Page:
Our program recognizes that children have different learning styles and we strive to present our lessons in a variety of ways. We know that a child has developmental domains and our program is balanced to offer activities throughout the day to encompass them: Physical both fine and gross, Cognitive, Social, Emotional, and Language both receptive and expressive.
Maria Montessori’s approach was to enhance children’s learning by stimulating their senses and involving as many senses in the learning process as possible. The approach of Montessori’s philosophy is summed up like this: Each Child is a Unique Person. The Montessori philosophy was largely based upon Maria Montessori’s observations of children in her classrooms. These observations formed the basis for the idea that Montessori education is child-directed. Since every child is different and has different skills and needs for development, Maria Montessori believed that if an adult watches and listens carefully, the adult can prepare an environment in which a child can thrive.
Jean Piaget approach to education is to know that cognitive development is not just any change of behavior or increase of understanding. True development in Piagetian terms is signaled by a change that demonstrates greater awareness of differences and similarities, plus an increased ability to classify the world. Development is permanent, not reversible. It results from the give and take between a child’s understanding of the world and the world itself.
Howard Gardners’ theory recognizes that everyone has a variety of ways to learn and is smart in different ways. His theory is that there are at least nine multiple intelligences so in our lesson plans incorporate all of the intelligences to teach concepts.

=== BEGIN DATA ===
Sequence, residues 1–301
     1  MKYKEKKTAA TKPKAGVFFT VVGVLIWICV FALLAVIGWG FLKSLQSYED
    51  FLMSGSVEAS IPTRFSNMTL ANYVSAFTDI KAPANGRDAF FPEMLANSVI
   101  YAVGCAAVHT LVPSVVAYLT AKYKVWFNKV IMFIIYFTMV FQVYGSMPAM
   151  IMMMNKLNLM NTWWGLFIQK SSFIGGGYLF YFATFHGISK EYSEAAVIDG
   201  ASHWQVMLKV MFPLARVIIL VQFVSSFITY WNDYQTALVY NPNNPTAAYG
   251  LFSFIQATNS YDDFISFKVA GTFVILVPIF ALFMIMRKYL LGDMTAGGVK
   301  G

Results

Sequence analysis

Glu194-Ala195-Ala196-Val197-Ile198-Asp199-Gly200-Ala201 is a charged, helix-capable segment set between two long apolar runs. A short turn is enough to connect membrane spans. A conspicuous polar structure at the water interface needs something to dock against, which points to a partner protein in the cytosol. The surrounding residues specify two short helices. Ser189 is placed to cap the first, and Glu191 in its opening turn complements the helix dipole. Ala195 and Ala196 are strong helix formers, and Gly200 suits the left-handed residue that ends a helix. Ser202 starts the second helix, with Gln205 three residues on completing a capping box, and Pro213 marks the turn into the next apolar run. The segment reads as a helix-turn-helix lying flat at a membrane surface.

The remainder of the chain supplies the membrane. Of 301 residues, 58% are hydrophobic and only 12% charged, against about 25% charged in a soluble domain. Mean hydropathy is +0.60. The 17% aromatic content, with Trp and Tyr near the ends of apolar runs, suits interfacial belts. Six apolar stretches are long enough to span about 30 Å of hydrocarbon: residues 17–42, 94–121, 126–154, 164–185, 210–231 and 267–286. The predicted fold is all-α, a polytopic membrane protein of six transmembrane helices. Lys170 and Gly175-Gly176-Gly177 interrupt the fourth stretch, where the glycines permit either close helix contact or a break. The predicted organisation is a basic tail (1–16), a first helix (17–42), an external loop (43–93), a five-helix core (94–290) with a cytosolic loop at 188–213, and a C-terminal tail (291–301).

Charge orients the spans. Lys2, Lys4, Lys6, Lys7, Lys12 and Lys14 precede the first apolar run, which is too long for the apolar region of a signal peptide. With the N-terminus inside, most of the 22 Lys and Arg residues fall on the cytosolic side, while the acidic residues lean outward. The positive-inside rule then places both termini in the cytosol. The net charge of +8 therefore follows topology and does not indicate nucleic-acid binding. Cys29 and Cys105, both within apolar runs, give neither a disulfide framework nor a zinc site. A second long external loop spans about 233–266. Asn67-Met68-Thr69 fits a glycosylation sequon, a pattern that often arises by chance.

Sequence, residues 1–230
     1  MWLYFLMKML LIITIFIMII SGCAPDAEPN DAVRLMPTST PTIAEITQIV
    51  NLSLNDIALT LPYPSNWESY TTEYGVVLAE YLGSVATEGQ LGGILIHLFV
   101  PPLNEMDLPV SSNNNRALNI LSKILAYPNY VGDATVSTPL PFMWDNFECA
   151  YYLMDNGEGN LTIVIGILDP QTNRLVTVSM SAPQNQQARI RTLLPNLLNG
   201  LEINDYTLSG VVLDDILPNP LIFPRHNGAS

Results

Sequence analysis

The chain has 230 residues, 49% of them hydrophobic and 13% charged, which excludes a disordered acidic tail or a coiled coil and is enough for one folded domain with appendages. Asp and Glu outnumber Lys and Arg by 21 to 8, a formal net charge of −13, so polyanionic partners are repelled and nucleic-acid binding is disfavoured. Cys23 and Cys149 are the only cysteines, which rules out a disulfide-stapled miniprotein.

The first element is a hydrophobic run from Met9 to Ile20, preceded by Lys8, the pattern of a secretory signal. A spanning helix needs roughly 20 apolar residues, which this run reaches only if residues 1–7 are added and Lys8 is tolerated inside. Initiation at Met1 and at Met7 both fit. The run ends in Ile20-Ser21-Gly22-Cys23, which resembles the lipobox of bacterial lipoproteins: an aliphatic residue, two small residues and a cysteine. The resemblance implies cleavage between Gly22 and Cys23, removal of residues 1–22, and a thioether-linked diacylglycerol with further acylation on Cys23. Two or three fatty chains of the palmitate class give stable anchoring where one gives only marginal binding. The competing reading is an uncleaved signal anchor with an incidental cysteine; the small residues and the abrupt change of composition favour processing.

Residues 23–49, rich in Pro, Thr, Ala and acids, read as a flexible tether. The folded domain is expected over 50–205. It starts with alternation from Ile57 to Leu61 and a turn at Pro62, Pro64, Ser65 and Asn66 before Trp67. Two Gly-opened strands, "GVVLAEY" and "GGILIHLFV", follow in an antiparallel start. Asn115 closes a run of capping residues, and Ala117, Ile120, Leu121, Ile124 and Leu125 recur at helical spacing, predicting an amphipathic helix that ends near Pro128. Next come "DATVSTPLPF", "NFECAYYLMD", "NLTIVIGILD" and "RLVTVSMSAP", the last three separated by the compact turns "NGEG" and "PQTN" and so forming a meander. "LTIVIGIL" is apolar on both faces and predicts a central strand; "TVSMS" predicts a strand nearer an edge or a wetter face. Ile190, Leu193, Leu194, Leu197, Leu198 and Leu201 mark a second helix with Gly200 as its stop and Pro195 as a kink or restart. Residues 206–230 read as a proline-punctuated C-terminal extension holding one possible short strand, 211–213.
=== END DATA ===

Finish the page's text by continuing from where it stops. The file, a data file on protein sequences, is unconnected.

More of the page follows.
The Reggio Emilia approach views the environment as one of the child’s teachers. Here are some of the elements we incorporate into our programs:
- Within the Reggio Emilia schools, the educators are very concerned about what their school environments teach children. Hence, a great attention is given to the look and feel of the classroom. It is often referring to the environment as the “third teacher”.
- The aesthetic beauty within the schools is seen as an important part of respecting the child and their learning environment.
- A classroom atmosphere of playfulness and joy pervades.
- Teachers organize environments rich in possibilities and provocations that invite the children to undertake extended exploration and problem solving, often in small groups, where cooperation and disputation mingle pleasurably.
- Documentation of children’s work, plants, and collections that children have made from former outings are displayed both at the children’s and adult eye level.
It is our belief that the greater indicator of a person’s success in life is determined by the Social Emotional Development, so a lot of emphasis is placed on teaching children about feelings and learning how to be successful in social interaction.